The subject of married priests is one raised only last weekend at my Maronite Catholic parish. As a Roman Catholic, practicing my faith in an Eastern Catholic Church, I was prepared for the question.
In October 2005, Cardinal Sfeir, (then) Patriarch of the Maronite Church, addressed this topic at the 11th General Synod Fathers, gathered for their eighth meeting at the Vatican. The Cardinal defended the practice of the celibate priesthood and discussed the beauty of the tradition, calling it the "most precious jewel in the treasury of the Catholic Church."
While pointing out that "the Maronite Church admits married priests" and that "half of our diocesan priests are married", the Cardinal Patriarch said that "it must be recognized that if admitting married men resolves one problem, it creates others just as serious."
"A married priest", he said, "has the duty to look after his wife and family, ensuring his children receive a good education and overseeing their entry into society. ... Another difficulty facing a married priest arises if he does not enjoy a good relationship with his parishioners; his bishop cannot transfer him because of the difficulty of transferring his whole family.
He noted that "married priests have perpetuated the faith among people whose difficult lives they shared, and without them this faith would no longer exist."
"On the other hand," he said, "celibacy is the most precious jewel in the treasury of the Catholic Church,"
It should be pointed out that the Maronite Catholic Church, in respect of priestly celibacy practiced by the Latin Church, only sends celibate priests to serve outside of Lebanon. Our pastor is a celibate priest and missionary, and member of a monastic community.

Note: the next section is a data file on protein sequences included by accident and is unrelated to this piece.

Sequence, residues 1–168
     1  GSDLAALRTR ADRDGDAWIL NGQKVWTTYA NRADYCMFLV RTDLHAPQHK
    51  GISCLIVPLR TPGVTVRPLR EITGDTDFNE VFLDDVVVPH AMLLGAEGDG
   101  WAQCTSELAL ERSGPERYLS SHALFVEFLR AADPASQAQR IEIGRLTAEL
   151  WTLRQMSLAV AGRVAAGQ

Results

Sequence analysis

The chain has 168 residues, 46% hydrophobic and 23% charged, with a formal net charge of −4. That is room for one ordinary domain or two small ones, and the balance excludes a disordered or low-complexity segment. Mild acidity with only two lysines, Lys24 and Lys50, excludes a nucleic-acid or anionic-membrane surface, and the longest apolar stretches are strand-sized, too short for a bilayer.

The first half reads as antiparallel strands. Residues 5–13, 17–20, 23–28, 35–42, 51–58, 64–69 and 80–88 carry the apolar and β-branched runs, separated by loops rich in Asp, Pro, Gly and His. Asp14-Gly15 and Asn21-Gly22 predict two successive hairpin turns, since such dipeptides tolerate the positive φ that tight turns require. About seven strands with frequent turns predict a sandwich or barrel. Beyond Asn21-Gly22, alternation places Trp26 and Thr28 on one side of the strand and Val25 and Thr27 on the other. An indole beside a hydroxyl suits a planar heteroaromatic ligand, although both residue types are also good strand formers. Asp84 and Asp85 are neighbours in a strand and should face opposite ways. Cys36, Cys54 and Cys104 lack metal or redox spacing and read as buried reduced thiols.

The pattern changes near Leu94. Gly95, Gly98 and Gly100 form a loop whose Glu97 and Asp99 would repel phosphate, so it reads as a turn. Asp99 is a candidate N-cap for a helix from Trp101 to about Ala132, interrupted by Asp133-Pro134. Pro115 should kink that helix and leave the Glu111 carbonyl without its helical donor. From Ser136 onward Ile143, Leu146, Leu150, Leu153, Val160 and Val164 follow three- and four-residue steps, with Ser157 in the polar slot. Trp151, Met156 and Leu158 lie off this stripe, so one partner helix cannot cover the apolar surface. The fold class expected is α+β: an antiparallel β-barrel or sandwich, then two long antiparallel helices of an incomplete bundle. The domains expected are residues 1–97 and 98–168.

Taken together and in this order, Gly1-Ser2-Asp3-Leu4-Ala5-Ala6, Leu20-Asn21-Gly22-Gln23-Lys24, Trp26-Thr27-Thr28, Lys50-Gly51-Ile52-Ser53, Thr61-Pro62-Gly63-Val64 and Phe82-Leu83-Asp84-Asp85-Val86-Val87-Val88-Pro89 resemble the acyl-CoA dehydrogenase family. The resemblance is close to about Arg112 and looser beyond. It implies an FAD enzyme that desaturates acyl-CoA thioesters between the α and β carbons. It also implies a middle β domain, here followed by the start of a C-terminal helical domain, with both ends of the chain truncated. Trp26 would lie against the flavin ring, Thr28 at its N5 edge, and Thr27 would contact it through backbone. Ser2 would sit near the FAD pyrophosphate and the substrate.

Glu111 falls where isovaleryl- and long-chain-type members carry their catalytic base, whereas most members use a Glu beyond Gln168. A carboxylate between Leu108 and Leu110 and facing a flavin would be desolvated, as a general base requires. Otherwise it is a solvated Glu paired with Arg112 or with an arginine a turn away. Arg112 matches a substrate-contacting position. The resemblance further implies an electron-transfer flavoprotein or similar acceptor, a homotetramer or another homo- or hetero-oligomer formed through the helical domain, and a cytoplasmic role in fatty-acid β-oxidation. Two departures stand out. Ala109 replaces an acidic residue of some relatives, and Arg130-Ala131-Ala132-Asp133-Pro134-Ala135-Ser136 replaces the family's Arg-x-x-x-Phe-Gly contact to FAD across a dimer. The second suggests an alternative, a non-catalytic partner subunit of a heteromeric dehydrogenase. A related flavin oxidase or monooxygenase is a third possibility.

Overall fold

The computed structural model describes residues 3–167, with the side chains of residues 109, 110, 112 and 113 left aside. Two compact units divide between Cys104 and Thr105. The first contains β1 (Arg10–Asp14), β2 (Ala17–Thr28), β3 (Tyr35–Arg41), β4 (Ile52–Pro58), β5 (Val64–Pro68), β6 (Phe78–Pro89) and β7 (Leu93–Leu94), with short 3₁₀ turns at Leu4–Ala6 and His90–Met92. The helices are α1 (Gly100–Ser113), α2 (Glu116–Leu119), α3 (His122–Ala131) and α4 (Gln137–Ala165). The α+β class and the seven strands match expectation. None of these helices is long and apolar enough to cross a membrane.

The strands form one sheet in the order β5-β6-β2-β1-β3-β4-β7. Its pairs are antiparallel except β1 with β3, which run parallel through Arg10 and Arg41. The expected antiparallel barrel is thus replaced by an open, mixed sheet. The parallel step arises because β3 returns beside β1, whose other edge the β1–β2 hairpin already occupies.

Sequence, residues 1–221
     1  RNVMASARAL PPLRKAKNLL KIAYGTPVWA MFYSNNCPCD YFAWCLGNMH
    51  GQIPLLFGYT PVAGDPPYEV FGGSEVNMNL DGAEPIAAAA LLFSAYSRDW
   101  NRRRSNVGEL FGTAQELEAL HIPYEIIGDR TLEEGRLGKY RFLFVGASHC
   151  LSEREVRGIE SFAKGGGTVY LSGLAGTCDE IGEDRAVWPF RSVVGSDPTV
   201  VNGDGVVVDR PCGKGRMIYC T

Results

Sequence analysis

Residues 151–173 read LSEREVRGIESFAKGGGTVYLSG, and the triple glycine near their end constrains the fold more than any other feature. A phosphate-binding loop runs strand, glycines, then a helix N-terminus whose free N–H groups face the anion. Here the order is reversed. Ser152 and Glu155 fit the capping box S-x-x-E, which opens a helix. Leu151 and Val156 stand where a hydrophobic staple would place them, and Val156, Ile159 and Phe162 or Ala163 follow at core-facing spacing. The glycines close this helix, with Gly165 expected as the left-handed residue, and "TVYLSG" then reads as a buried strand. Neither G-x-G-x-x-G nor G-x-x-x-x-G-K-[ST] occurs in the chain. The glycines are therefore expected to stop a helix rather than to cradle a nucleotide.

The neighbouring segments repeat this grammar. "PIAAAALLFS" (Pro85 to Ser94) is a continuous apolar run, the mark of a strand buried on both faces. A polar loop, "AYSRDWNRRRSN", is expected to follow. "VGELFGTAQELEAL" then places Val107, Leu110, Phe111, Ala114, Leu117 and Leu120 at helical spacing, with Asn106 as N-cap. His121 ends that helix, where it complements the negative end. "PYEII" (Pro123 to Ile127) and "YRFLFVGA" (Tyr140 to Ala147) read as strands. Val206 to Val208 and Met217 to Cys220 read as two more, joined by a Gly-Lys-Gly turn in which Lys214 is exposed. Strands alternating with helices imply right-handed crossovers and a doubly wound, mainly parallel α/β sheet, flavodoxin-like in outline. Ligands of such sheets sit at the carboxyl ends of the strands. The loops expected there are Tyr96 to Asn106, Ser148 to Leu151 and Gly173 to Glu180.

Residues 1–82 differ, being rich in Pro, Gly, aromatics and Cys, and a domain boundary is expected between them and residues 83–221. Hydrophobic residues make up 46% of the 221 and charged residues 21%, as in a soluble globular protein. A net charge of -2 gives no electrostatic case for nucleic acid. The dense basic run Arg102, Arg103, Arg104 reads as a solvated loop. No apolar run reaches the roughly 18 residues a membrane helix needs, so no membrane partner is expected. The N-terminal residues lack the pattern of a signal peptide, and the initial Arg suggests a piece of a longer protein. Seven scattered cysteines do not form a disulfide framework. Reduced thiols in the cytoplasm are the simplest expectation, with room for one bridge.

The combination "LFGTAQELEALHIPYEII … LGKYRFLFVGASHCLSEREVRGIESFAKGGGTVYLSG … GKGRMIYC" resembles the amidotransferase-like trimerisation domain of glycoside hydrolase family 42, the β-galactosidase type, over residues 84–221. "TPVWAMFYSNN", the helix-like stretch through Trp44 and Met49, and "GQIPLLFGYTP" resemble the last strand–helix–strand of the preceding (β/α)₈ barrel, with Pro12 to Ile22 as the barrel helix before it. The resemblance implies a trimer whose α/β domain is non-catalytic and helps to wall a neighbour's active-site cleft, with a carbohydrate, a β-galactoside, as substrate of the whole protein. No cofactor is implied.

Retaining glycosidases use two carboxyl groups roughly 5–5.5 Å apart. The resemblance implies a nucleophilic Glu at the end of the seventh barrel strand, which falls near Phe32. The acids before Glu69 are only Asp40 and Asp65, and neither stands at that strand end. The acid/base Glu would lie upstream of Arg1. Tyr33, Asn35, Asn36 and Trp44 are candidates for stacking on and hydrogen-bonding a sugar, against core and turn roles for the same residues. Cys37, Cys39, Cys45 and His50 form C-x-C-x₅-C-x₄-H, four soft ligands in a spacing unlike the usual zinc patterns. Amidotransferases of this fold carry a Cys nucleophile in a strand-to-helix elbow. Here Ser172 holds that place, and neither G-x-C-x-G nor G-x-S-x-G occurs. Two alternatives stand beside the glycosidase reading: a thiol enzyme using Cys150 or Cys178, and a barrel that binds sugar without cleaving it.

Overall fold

Once this information had been conveyed, the visiting RC caught on very quickly, saying he had never considered these other aspects and the ramifications they would have on a local parish. For the most part, here in the US, parish communities are much smaller than their Latin Rite counterparts. We can barely support a celibate priest, much less one that is married with children.
It should also be noted that with regard to married priests, the process is to marry first. Essentially, a married man with a wife and family applies to become a priest. The marriage is carefully scrutinized so as not to give scandal. Ultimately, the marriage vow precedes that of the priest; hence, the family is the primary responsibility, not the parish.
Roman Catholics already have married priests.
When a Orthodox clergy or Church of England clergy converts to Catholic, he is normally permitted to be a Roman Catholic priest, and to retain his wife, if he has one.
Reminds me of the south park episode where they mistranslated the word “celebrate”
....what could go wrong?
The whole question is moot since there were no priests in the Christian church to marry or not marry.
I doubt it; however, I think he had a girlfriend and was in love before he decided to become a priest. In some of the eastern rites, priests do marry, but most of the parishes are small and don’t require as much time. It must be very costly for the parish to support a priest and his family.
3:1 This is a true saying, If a man desire the office of a bishop, he desireth a good work.
2 A bishop then must be blameless, the husband of one wife (emphasis added), vigilant, sober, of good behaviour, given to hospitality, apt to teach;
3 Not given to wine, no striker, not greedy of filthy lucre; but patient, not a brawler, not covetous;
4 One that ruleth well his own house, having his children in subjection with all gravity;
5 (For if a man know not how to rule his own house, how shall he take care of the church of God?) (emphasis added)
And unless God "repealed" that passage, I don't know why the Roman Catholic Church prohibits priests from marrying.
Insights, corrections welcome.
“Will the Pope give up the whole ‘religion’ thing and embrace communism?”
Seriously, where do they come up with this stuff?